By Megan Sever | EurekAlert
In 1859, the largest recorded coronal mass ejection (CME) from the sun, known as the Carrington Event, disrupted what little electrical technology was used at the time.
Back then, that meant the temporary disruption of the telegraph system. Today, without an effective warning mechanism in place, a solar storm of that magnitude could wreak havoc on our technology-dependent world.
And with the solar maximum predicted to occur later this year, scientists and policymakers are scrambling to prepare us for when the next big solar storm hits.
CMEs occur when the sun’s magnetic field becomes so entangled that it “snaps,” releasing an enormous amount of energy. In order to detect these events, a variety of satellites and ground-based observatories stare at the sun 24 hours a day, monitoring for solar activity. While science’s tools to observe and study this behavior are improving, we still don’t know when CMEs will occur until they already have.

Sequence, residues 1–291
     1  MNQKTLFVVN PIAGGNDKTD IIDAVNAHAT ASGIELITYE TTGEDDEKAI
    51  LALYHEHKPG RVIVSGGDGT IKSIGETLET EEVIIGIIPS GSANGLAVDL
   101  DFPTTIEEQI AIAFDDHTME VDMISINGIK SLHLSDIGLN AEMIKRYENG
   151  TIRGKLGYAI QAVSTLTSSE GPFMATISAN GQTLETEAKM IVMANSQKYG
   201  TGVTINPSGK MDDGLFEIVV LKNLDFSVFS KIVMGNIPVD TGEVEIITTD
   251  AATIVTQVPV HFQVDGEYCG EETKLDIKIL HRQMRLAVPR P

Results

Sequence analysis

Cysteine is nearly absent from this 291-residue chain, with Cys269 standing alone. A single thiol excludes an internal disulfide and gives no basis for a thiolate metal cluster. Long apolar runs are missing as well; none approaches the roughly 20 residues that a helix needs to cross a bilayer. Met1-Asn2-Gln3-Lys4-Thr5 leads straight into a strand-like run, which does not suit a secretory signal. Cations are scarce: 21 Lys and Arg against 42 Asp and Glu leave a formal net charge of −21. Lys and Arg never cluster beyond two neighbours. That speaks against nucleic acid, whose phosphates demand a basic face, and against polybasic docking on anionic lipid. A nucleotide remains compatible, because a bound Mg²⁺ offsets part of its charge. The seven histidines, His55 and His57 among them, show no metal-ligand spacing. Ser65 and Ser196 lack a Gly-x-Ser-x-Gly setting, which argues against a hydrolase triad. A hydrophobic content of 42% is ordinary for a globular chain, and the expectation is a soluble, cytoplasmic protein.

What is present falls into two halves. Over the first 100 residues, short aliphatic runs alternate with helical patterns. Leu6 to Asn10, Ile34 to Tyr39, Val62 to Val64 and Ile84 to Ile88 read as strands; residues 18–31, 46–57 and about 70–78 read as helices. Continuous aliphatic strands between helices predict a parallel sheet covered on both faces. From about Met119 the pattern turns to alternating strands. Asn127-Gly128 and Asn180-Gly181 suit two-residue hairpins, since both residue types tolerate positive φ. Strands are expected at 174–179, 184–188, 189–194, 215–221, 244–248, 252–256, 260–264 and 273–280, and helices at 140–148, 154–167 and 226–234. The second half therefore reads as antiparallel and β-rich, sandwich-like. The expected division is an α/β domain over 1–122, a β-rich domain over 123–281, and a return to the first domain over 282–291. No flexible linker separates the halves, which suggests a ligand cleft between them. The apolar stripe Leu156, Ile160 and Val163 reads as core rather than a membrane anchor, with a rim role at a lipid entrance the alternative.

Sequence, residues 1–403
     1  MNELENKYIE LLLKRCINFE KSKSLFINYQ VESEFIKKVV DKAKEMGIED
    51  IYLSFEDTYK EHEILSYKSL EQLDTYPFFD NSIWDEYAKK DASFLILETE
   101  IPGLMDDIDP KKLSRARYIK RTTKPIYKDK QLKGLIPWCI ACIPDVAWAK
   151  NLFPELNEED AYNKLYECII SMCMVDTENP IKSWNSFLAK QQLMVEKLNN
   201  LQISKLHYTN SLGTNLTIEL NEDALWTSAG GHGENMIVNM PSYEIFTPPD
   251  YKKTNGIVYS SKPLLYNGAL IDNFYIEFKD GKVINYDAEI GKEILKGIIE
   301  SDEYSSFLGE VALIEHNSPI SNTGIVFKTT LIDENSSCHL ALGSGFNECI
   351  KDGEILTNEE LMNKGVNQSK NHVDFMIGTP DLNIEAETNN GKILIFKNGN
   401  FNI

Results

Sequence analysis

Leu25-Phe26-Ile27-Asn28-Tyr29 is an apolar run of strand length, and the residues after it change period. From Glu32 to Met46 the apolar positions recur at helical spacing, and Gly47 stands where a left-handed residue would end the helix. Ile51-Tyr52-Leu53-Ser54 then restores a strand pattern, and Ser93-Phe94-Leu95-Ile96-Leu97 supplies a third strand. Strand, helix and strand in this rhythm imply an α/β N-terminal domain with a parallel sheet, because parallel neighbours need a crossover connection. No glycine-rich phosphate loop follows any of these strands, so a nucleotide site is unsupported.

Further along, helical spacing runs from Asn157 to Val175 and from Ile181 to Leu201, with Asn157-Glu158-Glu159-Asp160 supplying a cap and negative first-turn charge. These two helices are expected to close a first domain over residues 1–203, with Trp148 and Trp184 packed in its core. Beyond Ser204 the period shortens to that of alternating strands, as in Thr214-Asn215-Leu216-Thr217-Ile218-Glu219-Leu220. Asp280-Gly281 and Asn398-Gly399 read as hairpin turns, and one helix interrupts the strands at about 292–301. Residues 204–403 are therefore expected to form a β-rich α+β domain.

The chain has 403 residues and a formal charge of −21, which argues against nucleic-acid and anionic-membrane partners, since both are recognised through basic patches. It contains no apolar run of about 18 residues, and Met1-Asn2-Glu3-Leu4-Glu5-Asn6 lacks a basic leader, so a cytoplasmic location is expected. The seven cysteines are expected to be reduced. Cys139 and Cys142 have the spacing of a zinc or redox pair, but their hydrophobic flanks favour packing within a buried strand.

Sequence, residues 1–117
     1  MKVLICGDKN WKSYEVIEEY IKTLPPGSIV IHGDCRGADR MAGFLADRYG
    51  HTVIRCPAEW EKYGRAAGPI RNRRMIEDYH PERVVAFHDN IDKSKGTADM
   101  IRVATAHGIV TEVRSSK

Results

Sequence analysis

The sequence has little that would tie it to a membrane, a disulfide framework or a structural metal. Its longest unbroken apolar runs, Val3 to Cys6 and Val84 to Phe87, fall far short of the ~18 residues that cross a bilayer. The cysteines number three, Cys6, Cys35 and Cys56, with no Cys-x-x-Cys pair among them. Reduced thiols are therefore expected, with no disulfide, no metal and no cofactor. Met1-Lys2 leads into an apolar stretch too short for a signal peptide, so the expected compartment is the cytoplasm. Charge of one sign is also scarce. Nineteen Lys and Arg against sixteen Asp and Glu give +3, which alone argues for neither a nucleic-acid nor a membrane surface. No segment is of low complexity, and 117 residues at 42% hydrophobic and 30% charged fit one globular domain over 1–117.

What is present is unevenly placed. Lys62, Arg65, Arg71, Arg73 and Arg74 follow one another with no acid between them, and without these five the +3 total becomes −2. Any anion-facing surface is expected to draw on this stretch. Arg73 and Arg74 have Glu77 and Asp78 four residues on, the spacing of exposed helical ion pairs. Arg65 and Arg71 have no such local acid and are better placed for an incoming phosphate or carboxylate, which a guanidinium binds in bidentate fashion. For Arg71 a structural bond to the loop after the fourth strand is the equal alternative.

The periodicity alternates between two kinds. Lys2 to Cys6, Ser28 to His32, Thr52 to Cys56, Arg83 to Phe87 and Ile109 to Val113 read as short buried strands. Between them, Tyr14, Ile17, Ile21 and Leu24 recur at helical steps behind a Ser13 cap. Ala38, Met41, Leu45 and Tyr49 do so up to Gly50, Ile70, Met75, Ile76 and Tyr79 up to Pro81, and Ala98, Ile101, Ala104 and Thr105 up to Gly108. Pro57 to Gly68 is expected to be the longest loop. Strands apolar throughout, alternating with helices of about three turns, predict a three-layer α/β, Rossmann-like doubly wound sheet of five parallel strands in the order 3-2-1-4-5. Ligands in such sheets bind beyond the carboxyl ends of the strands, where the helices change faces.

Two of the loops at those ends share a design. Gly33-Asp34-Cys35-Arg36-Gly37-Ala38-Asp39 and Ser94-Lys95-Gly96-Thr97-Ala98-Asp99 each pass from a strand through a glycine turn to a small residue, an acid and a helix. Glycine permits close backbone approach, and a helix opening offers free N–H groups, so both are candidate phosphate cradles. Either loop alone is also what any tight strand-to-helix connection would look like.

The Advanced Composition Explorer, or ACE satellite, is the current early-warning system for a CME. Floating approximately 1.5 million kilometers above the planet at the Earth-sun gravitational equilibrium, the ACE satellite can provide up to 60 minutes of warning before a CME impact.
Solar flares, on the other hand, are currently impossible to forewarn – when you see a solar flare, it is already here. But a team of scientists out of Purdue University is working on a way to predict solar activity half a day before happens not by monitoring the sun, but by observing something here on Earth: the rate at which radioactive elements decay.
Could this controversial method protect us from future solar activity? Read the story online and find out at http://bit.ly/UvrPf3.